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Will next contract be last contract for Roger Goodell?

Mike Florio and Chris Simms dissect NFLPA Executive Director DeMaurice Smith’s remarks accusing owners of “criminally gaming the game itself” by refusing to do guaranteed contracts.

The Steelers have had three coaches since 1969. The NFL has had three Commissioners since nearly a decade before Chuck Noll’s arrival in Pittsburgh.

So with Roger Goodell, who succeeded Paul Tagliabue, the successor to Pete Rozelle, reportedly getting a new deal a little over a month after turning 64, will this one be his last one?

The last time Goodell got a new deal, former league spokesman Joe Lockhart said it would be Goodell’s final contract. Goodell quickly said, “Not so fast” -- and shortly after that Lockhart was long gone.

The question becomes how long Goodell wants to do it. Other than Cowboys owner Jerry Jones, there’s been no vocal opponent to Goodell’s ongoing tenure. And Jones isn’t anti-Roger; Jerry is simply pro-spending-a-lot-less-for-a-Commissioner.

Last year, Daniel Kaplan of wrote that some owners want succession planning to be part of Goodell’s next deal. It remains to be seen whether that will be the case.

It should be. There’s no clear-cut, no-brainer, Commissioner in waiting. Different internal names get floated at times, but none have the kind of gusto that signals to the world that the next starting quarterback is already on the roster.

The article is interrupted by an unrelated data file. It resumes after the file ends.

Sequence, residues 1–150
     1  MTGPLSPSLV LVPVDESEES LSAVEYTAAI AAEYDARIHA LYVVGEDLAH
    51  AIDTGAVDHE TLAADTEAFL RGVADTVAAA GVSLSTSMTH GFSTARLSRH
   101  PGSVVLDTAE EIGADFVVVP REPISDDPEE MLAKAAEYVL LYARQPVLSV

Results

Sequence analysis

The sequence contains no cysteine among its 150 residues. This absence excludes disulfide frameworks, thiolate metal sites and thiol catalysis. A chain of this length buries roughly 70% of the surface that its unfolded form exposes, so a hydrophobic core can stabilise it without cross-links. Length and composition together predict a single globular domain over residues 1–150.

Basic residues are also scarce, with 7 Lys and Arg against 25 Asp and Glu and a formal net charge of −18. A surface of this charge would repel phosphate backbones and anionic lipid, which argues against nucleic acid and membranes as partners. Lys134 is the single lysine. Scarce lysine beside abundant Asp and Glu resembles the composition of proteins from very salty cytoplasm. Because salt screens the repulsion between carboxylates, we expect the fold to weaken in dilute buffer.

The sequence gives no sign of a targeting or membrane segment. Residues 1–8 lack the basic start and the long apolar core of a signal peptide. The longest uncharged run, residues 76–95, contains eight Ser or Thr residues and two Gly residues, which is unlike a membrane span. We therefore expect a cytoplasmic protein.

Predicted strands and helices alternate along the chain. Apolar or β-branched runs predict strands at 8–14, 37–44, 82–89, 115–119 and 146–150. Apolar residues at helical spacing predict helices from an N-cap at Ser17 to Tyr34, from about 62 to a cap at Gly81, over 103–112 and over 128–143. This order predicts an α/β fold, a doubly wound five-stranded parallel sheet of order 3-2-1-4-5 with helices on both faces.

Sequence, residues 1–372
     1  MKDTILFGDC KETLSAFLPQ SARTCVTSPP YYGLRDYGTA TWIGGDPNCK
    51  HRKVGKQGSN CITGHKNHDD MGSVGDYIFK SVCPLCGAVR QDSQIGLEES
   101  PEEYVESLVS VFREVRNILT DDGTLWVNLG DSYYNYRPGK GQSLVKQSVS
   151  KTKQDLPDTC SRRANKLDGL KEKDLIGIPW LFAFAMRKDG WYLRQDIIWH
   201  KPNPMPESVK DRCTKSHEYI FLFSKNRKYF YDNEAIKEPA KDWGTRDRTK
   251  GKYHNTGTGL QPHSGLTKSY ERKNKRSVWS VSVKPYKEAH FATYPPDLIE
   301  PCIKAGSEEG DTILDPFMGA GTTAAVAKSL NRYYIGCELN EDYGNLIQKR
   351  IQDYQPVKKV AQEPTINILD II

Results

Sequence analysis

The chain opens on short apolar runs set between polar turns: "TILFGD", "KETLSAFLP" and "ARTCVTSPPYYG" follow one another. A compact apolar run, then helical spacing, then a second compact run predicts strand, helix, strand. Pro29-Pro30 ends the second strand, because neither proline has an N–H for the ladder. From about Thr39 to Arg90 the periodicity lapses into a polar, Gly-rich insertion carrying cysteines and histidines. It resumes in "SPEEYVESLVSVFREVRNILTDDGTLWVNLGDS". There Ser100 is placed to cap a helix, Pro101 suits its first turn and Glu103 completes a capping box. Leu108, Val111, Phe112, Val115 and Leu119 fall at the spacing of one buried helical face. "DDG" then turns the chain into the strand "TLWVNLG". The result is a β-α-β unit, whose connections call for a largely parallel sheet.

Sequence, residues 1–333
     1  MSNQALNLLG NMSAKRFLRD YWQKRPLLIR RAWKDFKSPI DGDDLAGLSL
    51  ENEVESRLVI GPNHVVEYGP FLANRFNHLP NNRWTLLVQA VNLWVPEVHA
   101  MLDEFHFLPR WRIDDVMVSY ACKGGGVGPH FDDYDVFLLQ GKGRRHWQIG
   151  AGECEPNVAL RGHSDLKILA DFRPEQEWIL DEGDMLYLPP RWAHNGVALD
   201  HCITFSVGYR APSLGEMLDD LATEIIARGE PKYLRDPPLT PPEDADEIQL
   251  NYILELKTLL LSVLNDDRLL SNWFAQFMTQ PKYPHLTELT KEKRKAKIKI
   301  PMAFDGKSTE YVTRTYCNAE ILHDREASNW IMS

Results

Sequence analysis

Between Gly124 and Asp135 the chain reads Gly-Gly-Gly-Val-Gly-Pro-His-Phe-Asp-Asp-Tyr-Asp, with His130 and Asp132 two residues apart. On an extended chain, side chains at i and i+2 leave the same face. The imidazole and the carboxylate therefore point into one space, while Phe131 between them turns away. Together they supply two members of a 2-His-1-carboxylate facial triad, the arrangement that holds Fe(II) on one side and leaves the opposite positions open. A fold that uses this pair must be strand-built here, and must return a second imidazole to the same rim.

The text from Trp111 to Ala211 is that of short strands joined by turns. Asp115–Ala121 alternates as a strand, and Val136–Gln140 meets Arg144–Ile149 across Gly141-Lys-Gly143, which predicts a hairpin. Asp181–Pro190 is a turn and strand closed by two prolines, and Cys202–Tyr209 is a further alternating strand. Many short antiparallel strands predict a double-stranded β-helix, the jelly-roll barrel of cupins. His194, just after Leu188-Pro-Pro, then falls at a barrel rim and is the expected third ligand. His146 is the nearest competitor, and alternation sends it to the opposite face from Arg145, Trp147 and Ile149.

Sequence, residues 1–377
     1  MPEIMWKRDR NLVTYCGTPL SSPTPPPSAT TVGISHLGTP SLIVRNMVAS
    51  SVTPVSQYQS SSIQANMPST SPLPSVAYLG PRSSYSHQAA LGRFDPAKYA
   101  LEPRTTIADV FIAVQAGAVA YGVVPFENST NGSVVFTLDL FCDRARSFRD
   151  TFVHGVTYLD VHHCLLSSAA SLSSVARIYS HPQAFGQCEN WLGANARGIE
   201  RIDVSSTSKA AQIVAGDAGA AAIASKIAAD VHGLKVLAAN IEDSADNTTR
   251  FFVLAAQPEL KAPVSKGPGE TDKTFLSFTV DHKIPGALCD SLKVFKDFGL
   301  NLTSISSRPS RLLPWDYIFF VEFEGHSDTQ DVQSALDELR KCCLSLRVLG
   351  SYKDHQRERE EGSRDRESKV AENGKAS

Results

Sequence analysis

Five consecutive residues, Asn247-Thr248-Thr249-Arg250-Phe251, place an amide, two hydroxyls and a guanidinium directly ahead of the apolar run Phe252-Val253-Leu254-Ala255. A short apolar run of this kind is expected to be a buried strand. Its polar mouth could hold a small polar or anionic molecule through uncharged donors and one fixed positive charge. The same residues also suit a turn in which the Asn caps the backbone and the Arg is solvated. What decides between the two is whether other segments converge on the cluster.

While there’s never been any specific reporting on the issue, anyone who has been following the ins and outs of the NFL since Goodell rose to power in 2006 knows or should know that it doesn’t seem as if Goodell welcomes the presence of potential rivals. As we observed in June, it’s almost as if Goodell wants no credible internal threats to his position or power. In the past, whenever a name has begun to gain traction as a possible future Commissioner (Tod Leiweke, Dean Blandino, Maryann Turcke, Chris Halpin, for example), that person has never seemed to last.

If this is Goodell’s last contract, it makes sense for the owners to cultivate a successor who can learn from Goodell, the way Goodell learned from Tagliabue.

Of course, there’s no reason for the owners to push Goodell out. He’s younger than most of them, so his age shouldn’t be an issue. Also, he handles the job well -- the revenue keeps going up and up, the profile of the league keeps increasing, and he continues to deftly provide cover for owners who otherwise would be the target of tough questions and sharp criticism.

As Tom Curran once said years ago, Goodell is the world’s highest-paid pin cushion. Before the owners pivot to a new Commissioner, they’ll need to be sure that the successor will succeed when it comes to nonchalantly absorbing needles.